Ernie Finch

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Ernie Finch
Full name Ernest Finch
Date of birth (1899-07-16)16 July 1899
Place of birth Pembroke Dock,[1] Wales
Date of death 1 October 1983(1983-10-01) (aged 84)
Place of death Haverfordwest, Wales
School Pembroke Dock County School
University Monmouth Training college
Rugby union career
Position(s) Wing
Amateur team(s)
Years Team Apps (Points)
Caerleon RFC
Pembroke Dock Harlequins
Llanelli RFC
Western Counties
National team(s)
Years Team Apps (Points)
1924–1928 Wales 7 (12)

Ernie Finch (16 July 1899 - 1 October 1983)[2] was a Welsh international rugby union wing and played club rugby for Llanelli and county rugby for the Western Counties. Finch is most notable as the player who scored an excellent solo try against the 1924 touring New Zealand 'Invincibles' in their match against Llanelli.

Born Ernest Finch in Pembroke Dock to Abram and Emily Finch. His father was a retired police officer who upon moving to Wales and marrying Emily, his second wife, became a school board attendance monitor.

Rugby career[edit]

Finch first played senior rugby for local team Pembroke Dock Harlequins before moving to first class team Llanelli in 1922. Finch was first selected for Wales in the late game of the 1924 Five Nations Championship in an away game to France. Although Wales won, it was a messy Welsh performance caused by the decision of the Welsh Rugby Union officials to suspend Welsh player Ossie Male on the trip to Paris. The squad was thrown into turmoil, with several players being forced into unfamiliar positions. Finch managed to get his name on the scoreboard during the game when he scored one of two Welsh tries.

Finch was re-selected for the next Welsh international, this time against the touring New Zealand team. Wales were completely outclassed and lost the game 19-0, and Finch would face the All Blacks just four days later as his Llanelli team played host to the tourists. The New Zealanders faced far stiffer opposition as Llanelli went on the offensive. The forwards tackled with ferocity and Llanelli may have won with better kicking accuracy. In the match, Finch scored Llanelli's only points with a memorable solo try. Finch took a quick line-out, took the returning ball and left Hart flat-footed as he sped past him. With the try line in sight the only All Black defender was George Nepia. As Nepia closed in, Finch stopped dead, Nepia paused and then threw a tackle which Finch dodged, leaving him a clear try line to score over.[3]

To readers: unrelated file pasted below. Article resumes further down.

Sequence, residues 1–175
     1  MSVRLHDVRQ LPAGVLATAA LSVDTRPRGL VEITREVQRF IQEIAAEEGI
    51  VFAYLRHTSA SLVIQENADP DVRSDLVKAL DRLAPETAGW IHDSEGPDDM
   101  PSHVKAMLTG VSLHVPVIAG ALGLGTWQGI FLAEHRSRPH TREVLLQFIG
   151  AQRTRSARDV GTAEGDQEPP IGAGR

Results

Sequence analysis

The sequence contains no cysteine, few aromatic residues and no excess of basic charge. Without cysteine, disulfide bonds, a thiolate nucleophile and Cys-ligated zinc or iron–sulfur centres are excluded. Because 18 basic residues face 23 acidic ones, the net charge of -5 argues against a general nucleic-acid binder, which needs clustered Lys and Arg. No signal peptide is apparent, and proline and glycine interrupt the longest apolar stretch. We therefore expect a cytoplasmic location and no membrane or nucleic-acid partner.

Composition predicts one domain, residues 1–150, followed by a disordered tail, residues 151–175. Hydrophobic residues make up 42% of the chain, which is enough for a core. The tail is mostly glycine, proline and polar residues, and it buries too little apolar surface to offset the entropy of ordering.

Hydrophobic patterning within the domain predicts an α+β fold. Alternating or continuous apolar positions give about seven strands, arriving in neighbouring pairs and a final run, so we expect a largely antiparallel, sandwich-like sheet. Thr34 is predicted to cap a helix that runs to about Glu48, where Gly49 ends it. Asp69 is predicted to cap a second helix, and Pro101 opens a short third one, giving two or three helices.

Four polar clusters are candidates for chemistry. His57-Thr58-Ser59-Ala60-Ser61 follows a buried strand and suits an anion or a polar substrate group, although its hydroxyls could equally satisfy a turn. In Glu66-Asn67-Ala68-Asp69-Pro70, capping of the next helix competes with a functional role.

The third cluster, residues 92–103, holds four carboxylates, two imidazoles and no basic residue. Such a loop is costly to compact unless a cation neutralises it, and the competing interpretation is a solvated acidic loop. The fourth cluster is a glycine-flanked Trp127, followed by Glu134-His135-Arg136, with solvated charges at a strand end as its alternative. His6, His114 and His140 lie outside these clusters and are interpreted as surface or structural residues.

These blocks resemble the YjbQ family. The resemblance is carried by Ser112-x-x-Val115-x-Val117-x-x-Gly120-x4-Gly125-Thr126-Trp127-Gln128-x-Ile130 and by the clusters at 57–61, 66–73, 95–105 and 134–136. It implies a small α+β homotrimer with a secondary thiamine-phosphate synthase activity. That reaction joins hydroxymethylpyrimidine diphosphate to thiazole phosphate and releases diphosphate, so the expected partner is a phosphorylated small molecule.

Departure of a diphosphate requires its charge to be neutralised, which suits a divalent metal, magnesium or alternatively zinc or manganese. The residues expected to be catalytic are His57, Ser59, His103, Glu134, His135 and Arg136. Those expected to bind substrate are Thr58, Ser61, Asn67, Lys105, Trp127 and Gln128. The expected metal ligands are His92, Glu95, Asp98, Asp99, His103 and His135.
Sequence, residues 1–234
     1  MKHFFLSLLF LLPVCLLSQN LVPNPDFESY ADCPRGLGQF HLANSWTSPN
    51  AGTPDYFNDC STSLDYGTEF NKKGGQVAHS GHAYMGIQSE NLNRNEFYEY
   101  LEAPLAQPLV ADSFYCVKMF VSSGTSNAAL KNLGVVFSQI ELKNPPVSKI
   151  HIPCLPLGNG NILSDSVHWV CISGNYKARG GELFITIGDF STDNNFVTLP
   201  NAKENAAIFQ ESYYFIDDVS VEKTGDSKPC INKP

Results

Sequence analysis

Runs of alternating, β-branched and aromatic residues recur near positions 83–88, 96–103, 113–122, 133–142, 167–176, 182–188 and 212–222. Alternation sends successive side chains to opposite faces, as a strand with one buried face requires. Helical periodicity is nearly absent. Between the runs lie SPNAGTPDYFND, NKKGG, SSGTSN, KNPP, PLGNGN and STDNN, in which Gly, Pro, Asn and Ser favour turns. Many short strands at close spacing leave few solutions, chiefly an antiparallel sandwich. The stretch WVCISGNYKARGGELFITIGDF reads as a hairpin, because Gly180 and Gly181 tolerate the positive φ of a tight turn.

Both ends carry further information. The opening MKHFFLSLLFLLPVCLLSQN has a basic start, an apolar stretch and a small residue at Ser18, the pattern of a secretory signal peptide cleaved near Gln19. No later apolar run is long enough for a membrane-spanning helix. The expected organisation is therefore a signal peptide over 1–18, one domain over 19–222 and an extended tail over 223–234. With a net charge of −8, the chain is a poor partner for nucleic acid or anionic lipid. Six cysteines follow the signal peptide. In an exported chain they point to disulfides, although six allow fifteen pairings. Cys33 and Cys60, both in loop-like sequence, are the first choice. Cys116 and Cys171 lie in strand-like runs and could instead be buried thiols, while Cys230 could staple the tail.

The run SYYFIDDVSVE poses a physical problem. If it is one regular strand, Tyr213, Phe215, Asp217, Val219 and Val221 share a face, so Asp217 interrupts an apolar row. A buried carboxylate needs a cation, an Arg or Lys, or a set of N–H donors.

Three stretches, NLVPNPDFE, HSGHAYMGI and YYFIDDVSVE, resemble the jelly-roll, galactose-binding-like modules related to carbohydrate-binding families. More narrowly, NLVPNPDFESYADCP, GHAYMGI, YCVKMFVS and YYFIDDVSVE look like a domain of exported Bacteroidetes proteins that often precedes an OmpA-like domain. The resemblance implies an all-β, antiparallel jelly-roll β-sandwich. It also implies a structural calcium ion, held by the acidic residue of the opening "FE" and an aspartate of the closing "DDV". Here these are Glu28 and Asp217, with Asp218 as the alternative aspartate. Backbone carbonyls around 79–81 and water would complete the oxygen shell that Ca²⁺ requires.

Finch was back in the Welsh squad in 1925 when he again faced France in the Five Nations Championship, this time in Wales at the Cardiff Arms Park. It was a more convincing Welsh performance and Finch scored two tries in an 11-5 victory. Finch held onto his place for the season's final Welsh international against Ireland, but found himself on the losing side against an impressive Irish team. In 1926 he played just one match, as part of Bobby Delahay's Welsh team to France, which Wales were narrow victors.

Finch missed all off the 1927 Championship for Wales, but was selected to face the touring Waratahs towards the end of the season; and although Wales lost, Finch managed his fourth and final international try for his country. Finch's final game for his country was in 1928 in Paris and it saw the first Welsh defeat by the French team. Five players from the game never represented their country again, and Finch was one of them.

International matches played[edit]



  • Billot, John (1972). All Blacks in Wales. Ferndale: Ron Jones Publications. 
  • Smith, David; Williams, Gareth (1980). Fields of Praise: The Official History of The Welsh Rugby Union. Cardiff: University of Wales Press. ISBN 0-7083-0766-3. 


  1. ^ Newport Gwent Dragons player profiles Archived June 17, 2011, at the Wayback Machine.
  2. ^ Ernie Finch player profile ESPN
  3. ^ Billot (1972), pg 69-90.
  4. ^ Smith (1980), pg 466.